Social workers I have known would have taken a variety of approaches. Not all of them positive or respectful. I have known social workers who have concerns to scupper the adoption process before it gets to panel and if you don't get to panel (even to be turned down) then it is extremely difficult to challenge as there is no legal process to appeal something which didn't happen only the right of appeal against a panel decision.

Libertine73 Sat 19-Oct-13 19:31:02

I wouldn't mention it, wouldn't even consider it personally, unless you had treatment which you didn't then where there's no record there's no proof. I fail to see any way it could bite you on the arse.

Moomoomie Sat 19-Oct-13 21:07:58

I wouldn't mention it at all. Itis so far behind you, as you say, you have changed so much since then.
As Kew says, you wouldn't talk about it at an interview!

unusednickname Mon 21-Oct-13 19:05:29

Once again thanks for replies (and sorry to do a runner on the thread for a few days).

I think it could bite me because they'll possibly be interviewing at least one person who knew me then. Not to mention my family...

Also it's not that I'm bringing it up, it's that I've been asked a question and then asked to sign what amounts to a legal document to say that I have told the truth. And that's a different proposition.

And if I were in the same position with a medical for a job interview? Hmmmm...well possibly not, but if they were going to be interviewing everyone I've ever known in order to ask them just this kind of question? Well then I'd have to think very carefully indeed before I lied...

And Kew I do appreciate your input. I would certainly consider London to be a big city. I live about six miles away from you grin

Kewcumber Mon 21-Oct-13 21:50:16

Ultimately its only your decision to make - I do take the point about being asked a direct question. I killed everyone who knew me under 30 so the problem never arose.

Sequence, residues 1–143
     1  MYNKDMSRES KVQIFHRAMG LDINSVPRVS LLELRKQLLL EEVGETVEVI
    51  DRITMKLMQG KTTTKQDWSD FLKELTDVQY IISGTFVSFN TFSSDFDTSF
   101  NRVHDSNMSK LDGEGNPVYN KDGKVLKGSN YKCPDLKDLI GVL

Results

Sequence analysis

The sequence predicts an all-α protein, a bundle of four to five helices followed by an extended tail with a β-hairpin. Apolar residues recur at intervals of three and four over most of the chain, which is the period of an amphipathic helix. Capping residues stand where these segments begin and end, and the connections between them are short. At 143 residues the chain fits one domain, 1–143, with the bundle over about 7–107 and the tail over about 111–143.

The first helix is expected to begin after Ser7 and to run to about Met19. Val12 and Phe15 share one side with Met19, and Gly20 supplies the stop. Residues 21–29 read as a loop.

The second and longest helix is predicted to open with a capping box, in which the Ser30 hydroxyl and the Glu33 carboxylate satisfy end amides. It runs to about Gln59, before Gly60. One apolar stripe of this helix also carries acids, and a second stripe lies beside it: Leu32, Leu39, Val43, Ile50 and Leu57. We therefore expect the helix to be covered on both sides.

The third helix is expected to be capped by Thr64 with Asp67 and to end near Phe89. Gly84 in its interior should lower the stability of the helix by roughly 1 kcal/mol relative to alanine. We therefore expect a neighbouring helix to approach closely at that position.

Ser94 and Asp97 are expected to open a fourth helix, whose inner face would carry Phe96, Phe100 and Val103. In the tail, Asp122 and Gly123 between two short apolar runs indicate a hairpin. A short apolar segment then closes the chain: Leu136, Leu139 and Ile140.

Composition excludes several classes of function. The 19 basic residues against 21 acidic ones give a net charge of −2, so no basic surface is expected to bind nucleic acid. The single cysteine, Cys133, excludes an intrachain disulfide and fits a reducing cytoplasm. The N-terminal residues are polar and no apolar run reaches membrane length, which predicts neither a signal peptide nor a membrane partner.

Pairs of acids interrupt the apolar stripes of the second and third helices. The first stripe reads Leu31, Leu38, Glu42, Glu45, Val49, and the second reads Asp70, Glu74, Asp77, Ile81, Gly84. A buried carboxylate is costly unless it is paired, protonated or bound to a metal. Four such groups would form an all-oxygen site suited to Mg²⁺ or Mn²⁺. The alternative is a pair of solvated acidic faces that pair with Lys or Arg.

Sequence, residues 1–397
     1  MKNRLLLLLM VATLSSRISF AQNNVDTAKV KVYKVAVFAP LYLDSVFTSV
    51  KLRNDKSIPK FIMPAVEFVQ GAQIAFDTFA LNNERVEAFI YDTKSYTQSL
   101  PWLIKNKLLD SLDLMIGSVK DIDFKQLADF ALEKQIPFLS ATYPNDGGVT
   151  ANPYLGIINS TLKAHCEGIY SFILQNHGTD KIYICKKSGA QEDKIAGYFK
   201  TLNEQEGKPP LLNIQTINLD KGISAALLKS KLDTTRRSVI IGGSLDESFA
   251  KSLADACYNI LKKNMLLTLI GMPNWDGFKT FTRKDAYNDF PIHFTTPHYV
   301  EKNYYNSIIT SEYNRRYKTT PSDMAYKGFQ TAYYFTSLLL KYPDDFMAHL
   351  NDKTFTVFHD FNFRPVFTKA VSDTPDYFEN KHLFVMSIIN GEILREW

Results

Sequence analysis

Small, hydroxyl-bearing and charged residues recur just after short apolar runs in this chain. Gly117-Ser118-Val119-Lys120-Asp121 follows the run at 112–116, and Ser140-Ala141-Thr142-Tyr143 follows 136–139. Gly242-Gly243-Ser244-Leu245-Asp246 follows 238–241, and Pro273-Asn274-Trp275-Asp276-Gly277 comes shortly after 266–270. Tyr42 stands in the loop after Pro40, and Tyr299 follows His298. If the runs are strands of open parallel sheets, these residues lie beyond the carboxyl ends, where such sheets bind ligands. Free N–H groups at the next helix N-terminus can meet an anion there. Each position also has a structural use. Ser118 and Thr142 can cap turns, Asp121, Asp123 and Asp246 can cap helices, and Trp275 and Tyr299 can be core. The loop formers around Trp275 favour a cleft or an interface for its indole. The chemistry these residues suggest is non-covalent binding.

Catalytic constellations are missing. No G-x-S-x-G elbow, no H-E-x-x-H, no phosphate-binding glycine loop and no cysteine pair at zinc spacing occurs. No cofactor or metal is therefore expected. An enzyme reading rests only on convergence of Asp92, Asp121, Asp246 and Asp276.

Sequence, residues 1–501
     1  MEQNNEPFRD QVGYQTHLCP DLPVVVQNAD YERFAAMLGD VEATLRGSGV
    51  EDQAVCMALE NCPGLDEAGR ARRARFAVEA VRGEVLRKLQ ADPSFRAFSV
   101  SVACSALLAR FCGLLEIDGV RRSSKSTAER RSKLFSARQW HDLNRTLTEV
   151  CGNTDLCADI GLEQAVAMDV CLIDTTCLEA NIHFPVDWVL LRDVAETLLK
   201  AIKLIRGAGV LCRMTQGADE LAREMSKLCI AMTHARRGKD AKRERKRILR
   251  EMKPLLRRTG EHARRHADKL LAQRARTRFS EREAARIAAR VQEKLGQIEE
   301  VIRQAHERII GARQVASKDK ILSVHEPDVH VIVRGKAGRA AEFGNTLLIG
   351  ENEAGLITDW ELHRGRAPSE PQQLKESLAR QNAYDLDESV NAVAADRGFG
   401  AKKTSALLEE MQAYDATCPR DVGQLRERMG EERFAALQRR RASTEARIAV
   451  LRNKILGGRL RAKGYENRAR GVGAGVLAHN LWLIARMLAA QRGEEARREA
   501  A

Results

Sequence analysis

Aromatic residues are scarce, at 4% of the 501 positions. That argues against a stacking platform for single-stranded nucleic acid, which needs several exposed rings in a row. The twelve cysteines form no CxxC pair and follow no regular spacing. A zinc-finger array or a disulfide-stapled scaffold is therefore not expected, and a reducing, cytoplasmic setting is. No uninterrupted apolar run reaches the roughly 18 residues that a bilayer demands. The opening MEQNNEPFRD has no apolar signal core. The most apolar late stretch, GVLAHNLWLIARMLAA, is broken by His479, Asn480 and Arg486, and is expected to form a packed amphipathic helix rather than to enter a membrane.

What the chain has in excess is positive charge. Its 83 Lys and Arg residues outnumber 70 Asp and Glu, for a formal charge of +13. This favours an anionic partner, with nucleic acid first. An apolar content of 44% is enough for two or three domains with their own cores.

Mrpip Mon 21-Oct-13 22:00:40

I think unless taking drugs led to medical/emotional care I'd not mention it. Youth is youth, we all did things we wouldn't do now and that's really the difference. If it's not been part of your life for 20yrs and you don't do it now I struggle to comprehend why this would be relevant to your current life.
Who's actually going to benefit from this information?
In my experience I doubt it will help your application. Now if you were looking to work with youngsters who have experienced drugs or the effects of drugs then personal experience may be a benefit, but in a adoption application when you've not indulged for 20 .

SoonToBeSix Mon 21-Oct-13 22:15:19

I wouldn't mention it unless it could be on your medical records. It is too long ago to be relevant.

MaryZombie Fri 25-Oct-13 21:04:40

i wouldn't mention it.

Or if you do, admit to a few spliffs as a student.

I was stupid enough to mention (in passing) that my Granny used to put away a fair few vodkas, and (separately, while just "chatting" one day) that my brother (who I hadn't lived with for 15 years) has got pissed the last time he had come to a family party.

Bloody hell, I wish I hadn't. I was asked all sorts of questions about whether addiction ran in my family, what my attitude was to addicts and alcoholics, whether my brother would ever see my kids, etc etc. It was horrible.

And dh, who had two parents who were imo functioning alcoholics, 7 aunts who died from alcohol-related diseases, and whose family is incapable of meeting up without getting rat-arsed, just never mentioned it and was never asked.

It is, as Kew says, a job interview.

Don't lie about anything current. But don't give them ammunition to shoot you with either.

floatyjosmum Sat 26-Oct-13 13:10:55

I would say something. If it does come out in a reference visit etc then they will question your honesty about everything!

People who have used class A drugs do get approved its about showing that you don't do it now and wouldn't do it again!

scarlet5tyger Wed 30-Oct-13 21:07:29

I think I'd be honest.

A foster child in my local authority was in the middle of being moved to kinship care when it came out that the relative she was moving to had previously used amphetamines. The whole thing broke down immediately. They said it wasn't that the relative had used drugs that was the issue, it was the lying as that meant they questioned everything else discussed in the assessment.

milkysmum Wed 30-Oct-13 21:14:34

I would say do not mention as not relevant. Some social workers are fab and will understand that this in no way is a reflection on who you are now BUT some are terribly judgmental on stuff like this and it could go against you unfortunately. You do not know who you will be allocated sadly. Good luck x